‘You don’t care about disadvantaged children’: the Biden administration is bullying school districts into complying with radical policies, says parent advocate

The Biden administration is being accused of bullying school districts into submission – even if it requires taking meals from disadvantaged students.

In Missouri, the state’s largest school…

The Biden administration is being accused of bullying school districts into submission – even if it requires taking meals from disadvantaged students.

In Missouri, the state’s largest school district, Springfield Public Schools, was told to add sexual orientation and gender identity to the list of protected groups or risk losing federal funding for free and reduced meals.

“It was intended to bully and intimidate these school districts into compliance,” Nicole Neily, president of Parents Defending Education, told The Lion.

“Nice school lunch program you have there for poor kids, be a shame if something happened to it,” Neily said, tongue-in-cheek. “You are literally taking food out of the mouths of poor children to advance your preferred gender policy. That is dark.”

Similar strong-arming is happening elsewhere, she says.  

Earlier this year in Georgia, the Department of Education claimed a school district violated students’ rights simply by removing sexually explicit books from libraries. 

“It was very much intended to send a chilling message to other school districts across the country,” Neily explained. “Do you really want to go through the many, many months and time and hassle and expense of bringing in lawyers and doing a huge investigation? Wouldn’t it just be easier if you just didn’t remove the books at all?” she said, of the implied message from the administration. 

While the Biden administration’s tactics are pushing radical policies about gender and race, the strategy itself isn’t new. According to Neily, the Obama administration used similar tactics to reduce discipline in schools under the guise of racial equity. 

Obama’s policy threatened school districts with federal investigations if their data showed a “disparate impact” or higher rates of discipline for students of certain races. 

The Trump administration later repealed the policy only to have the Biden administration reinstate it. 

While many nowadays blame the pandemic for a worsening of student behavior, Neily thinks it has a lot to do with Obama’s disparate impact policy. 

She even cited the case of Nikolas Cruz, the perpetrator of the Parkland high school shooting, who wasn’t expelled despite numerous instances of threats and disturbing behavior.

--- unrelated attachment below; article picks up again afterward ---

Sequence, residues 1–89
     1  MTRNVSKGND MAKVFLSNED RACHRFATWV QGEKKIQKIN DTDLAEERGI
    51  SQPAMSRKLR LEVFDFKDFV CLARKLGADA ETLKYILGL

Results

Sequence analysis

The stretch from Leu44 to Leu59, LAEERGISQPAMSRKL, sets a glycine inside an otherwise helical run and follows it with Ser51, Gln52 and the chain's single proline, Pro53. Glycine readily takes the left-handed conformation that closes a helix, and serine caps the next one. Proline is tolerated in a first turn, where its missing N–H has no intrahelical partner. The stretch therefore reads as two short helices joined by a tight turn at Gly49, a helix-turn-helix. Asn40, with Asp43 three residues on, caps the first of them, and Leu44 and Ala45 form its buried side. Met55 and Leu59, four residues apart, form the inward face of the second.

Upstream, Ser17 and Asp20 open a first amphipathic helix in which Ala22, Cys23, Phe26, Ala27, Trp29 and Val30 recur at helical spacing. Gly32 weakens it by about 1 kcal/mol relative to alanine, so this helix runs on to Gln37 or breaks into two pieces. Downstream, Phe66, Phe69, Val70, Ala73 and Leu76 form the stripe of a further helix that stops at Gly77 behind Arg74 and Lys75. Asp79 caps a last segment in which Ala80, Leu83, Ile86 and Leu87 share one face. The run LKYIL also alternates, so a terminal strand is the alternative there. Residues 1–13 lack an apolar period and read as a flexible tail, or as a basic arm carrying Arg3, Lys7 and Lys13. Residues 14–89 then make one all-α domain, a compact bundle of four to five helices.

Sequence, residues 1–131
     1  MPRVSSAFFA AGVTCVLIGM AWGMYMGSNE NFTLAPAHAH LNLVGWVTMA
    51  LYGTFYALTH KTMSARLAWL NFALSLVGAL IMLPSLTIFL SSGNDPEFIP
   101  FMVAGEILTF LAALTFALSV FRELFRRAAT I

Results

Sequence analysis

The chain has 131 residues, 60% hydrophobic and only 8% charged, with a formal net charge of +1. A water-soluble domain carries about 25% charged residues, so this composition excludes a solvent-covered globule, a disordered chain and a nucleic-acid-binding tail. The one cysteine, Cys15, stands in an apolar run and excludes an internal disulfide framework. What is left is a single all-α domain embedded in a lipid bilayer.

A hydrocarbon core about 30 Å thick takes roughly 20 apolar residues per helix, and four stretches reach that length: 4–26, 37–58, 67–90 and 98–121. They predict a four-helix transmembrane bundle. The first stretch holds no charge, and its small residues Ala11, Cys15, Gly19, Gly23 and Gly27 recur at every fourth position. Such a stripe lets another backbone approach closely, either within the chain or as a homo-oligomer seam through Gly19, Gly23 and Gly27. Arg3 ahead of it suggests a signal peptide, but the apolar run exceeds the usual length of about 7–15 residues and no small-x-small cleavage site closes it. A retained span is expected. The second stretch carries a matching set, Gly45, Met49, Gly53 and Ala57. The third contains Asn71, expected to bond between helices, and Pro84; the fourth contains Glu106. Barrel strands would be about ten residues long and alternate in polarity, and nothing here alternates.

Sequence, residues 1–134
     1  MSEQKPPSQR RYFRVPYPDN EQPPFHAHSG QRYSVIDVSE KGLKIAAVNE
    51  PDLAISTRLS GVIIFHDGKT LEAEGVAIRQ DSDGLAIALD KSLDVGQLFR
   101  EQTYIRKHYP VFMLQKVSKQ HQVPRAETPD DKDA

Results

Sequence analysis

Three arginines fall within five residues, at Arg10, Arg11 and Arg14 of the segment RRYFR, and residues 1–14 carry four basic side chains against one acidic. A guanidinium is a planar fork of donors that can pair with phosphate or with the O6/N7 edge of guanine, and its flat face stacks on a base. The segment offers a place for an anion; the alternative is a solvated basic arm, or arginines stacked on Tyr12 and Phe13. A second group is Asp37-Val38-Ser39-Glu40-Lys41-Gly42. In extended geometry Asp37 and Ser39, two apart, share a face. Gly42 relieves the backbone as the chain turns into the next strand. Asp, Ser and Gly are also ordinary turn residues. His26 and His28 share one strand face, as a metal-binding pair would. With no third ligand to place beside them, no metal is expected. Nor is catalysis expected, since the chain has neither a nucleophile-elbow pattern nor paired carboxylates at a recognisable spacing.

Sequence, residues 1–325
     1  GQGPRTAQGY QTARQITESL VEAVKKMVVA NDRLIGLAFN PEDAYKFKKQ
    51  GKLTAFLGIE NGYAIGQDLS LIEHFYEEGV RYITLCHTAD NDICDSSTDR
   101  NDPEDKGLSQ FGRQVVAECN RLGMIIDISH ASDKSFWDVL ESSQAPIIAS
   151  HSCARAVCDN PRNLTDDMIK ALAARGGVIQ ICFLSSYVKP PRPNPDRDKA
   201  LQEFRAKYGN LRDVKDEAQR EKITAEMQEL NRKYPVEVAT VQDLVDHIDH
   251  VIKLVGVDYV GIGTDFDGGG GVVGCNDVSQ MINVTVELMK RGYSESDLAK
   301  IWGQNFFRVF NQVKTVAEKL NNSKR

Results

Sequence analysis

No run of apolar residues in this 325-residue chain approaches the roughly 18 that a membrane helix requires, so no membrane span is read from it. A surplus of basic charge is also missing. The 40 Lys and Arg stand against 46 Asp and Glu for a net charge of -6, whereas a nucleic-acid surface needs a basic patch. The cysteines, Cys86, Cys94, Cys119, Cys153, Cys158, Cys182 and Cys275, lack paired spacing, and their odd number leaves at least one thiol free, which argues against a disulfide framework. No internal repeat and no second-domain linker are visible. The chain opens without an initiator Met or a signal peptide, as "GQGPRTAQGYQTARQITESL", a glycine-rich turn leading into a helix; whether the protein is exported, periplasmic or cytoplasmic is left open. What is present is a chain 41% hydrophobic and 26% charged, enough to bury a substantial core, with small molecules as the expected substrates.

“Districts took steps to not discipline students that had been acting out because they were fearful that doing so might throw off their numbers on paper,” Neily said. 

The concern over “strings attached” to federal funding has some schools at all levels seeking a way out. 

Several Christian colleges like Hillsdale and Patrick Henry have long refused to take federal funding, but now the state of Tennessee is considering the same for K-12 public education, which sees nearly $2 billion come in each year from the federal government. 

But many other public schools remain full steam ahead, and academics are declining as a result, Neily tells the Lion. 

“Not only have [schools] asserted themselves into the center of this political firestorm – values-based topics – but children are just not learning,” she said. “The values that families have at home are distasteful to a lot of educators and administrators [so] schools are now spending hours and hours every day on identity issues. When you spend lots of time talking about feelings and race and identity and not a lot of time reading, writing, ‘arithmetic-ing’ [and] ‘science-ing,’ students don’t actually learn those subjects.”  

For Neily, the prospect of withholding lunch money from students in Springfield makes abundantly clear that the government cares more about its agenda than the students it claims to advocate for.  

“These are the same people that have been screaming equity from the rooftops forever,” Neily said. “Who is going to be most impacted by a program that serves [meals] to disadvantaged children? Sadly, it is going to be a lot of minority families. You don’t care about them.”